The White Rock and South Surrey chapter of the seniors’ advocacy group CARP has come out strongly against Surrey Mayor Doug McCallum’s move to create a new Surrey police force – and his attempts to ban ride-hailing services Uber and Lyft.
“Now he is restricting and hindering Uber and Lyft from serving Surrey customers,” she added.
Saying that CARP is “once again gobsmacked by (McCallum’s) total disregard for seniors in the City of Surrey,” Kaptyn said the chapter has joined forces with the Keep The RCMP in Surrey, B.C. campaign.
And they will actively participate in gathering signatures for the campaign’s petition – which currently stands at more than 39,000 signees – this Saturday (Feb. 1) and Friday, Feb. 7 in the vicinity of Semiahmoo Centre.
“I don’t know what he’s doing,” Kaptyn told Peace Arch News, noting that she had opposed the move to establish a Surrey force since learning of it in November, and had spoken against it in early December at a public meeting in council chambers.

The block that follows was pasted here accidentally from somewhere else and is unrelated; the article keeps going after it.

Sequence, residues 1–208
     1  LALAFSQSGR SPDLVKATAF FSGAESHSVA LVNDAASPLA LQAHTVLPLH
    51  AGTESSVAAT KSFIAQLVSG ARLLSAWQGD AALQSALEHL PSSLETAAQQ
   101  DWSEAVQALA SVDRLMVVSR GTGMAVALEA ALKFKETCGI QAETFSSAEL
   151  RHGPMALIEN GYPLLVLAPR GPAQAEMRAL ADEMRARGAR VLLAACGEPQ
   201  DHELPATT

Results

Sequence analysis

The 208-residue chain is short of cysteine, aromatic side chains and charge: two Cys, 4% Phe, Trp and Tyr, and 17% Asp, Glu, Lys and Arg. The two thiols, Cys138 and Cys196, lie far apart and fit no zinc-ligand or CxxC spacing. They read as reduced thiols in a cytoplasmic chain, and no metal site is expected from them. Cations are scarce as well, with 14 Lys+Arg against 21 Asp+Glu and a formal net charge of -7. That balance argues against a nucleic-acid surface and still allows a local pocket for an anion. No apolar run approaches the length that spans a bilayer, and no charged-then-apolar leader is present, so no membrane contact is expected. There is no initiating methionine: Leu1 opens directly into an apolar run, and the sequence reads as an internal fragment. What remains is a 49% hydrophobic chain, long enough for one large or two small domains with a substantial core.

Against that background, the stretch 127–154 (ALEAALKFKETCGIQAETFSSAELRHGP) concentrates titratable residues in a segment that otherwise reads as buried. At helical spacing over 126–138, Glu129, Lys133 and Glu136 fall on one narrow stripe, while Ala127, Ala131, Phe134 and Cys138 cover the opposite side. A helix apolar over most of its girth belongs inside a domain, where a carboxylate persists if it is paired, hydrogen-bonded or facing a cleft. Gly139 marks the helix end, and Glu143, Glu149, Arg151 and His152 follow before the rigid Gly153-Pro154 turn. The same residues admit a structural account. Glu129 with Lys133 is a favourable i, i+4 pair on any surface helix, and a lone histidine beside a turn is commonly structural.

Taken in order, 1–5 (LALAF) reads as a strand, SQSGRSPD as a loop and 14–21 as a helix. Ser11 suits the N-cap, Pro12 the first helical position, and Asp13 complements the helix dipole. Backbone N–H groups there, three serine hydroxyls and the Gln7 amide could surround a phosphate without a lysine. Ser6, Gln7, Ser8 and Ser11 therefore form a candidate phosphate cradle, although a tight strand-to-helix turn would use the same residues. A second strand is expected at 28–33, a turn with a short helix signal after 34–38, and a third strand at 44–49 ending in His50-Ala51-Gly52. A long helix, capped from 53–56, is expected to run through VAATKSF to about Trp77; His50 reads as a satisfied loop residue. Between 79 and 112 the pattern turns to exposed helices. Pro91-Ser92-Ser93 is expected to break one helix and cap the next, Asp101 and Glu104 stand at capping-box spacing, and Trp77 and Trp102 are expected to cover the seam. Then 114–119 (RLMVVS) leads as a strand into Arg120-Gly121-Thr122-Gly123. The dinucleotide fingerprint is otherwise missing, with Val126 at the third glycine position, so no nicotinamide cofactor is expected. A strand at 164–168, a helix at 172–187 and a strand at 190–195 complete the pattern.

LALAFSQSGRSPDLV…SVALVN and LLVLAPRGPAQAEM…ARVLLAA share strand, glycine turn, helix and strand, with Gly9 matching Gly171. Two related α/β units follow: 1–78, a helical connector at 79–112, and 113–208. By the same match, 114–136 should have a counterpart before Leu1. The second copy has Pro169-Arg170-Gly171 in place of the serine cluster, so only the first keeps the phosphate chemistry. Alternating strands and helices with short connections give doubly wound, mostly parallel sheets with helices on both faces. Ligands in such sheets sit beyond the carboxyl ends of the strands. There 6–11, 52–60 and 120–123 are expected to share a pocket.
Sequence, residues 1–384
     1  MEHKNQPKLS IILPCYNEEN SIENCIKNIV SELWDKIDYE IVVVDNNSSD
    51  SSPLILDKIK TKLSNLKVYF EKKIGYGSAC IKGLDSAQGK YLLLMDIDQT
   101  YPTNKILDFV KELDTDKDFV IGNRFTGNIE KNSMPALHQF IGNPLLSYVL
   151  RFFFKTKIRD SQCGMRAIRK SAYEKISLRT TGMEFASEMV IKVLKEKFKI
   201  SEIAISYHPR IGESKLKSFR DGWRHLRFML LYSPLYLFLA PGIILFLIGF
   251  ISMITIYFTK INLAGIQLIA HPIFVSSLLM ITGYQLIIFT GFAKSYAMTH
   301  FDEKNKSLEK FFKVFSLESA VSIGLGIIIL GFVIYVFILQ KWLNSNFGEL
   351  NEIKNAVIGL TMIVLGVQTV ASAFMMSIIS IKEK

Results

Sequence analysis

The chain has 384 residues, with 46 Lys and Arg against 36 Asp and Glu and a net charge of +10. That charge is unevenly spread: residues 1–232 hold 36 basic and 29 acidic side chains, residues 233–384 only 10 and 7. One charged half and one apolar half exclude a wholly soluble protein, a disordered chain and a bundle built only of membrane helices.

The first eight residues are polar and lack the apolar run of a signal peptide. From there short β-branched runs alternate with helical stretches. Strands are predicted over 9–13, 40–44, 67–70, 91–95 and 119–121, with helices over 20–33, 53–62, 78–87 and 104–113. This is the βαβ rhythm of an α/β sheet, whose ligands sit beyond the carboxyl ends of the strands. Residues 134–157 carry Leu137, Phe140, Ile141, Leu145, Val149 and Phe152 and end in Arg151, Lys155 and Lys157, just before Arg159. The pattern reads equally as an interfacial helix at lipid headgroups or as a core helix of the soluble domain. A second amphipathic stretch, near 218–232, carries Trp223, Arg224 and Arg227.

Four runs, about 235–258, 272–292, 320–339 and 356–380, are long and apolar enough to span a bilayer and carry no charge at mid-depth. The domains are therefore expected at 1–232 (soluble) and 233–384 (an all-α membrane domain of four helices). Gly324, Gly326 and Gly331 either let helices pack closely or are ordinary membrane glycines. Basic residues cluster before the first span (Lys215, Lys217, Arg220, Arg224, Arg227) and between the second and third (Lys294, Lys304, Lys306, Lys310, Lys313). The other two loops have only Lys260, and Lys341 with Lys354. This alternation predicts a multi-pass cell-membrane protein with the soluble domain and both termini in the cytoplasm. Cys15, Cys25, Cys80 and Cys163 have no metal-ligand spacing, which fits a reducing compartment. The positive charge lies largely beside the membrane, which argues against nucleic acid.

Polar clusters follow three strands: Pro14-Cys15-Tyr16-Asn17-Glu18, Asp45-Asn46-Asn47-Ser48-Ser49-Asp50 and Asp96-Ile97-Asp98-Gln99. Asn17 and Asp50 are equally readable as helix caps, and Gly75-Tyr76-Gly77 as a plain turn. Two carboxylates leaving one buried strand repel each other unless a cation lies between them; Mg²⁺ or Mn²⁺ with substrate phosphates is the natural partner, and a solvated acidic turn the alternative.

A South Surrey resident, Kaptyn said she shares the fear that many seniors have about the lack of safety for those venturing out after dark, particularly after the stabbing death of Paul Prestbakmo near Semiahmoo Centre on Aug. 16 .
“We don’t have enough officers as it is, and the mayor won’t hire any more. And it’s going to take a long time to train the ones he does get. As far as CARP is concerned it’s a disaster – and he’s a senior himself.”
Kaptyn said that once the petition reaches 40,000 signatures it will exceed the total of those who voted for the four councillors remaining in McCallum’s Safe Surrey Coalition – and when it reaches 50,000 it will eclipse the number of voters who put McCallum in office; numbers she hopes will sway the provincial government into putting brakes on the move to a new police force.
“It was not a coronation – it was a split vote,” she said of McCallum’s mandate.
Compounding problems for seniors in the area, she added, are McCallum’s attempts to use bylaw officers to shut down ride hailing services.
Kaptyn said these are one of the few viable and efficient transportation options for seniors, who spend too much time waiting for cabs.
“It’s not as if we have a good transit system,” she said.
“When I shop at Semiahmoo Centre, I see them outside with their shopping bags, waiting for their cab. And often, when I come out of the store, they’re still there – and I’m not a fast shopper.”
McCallum did not respond to a request for comment.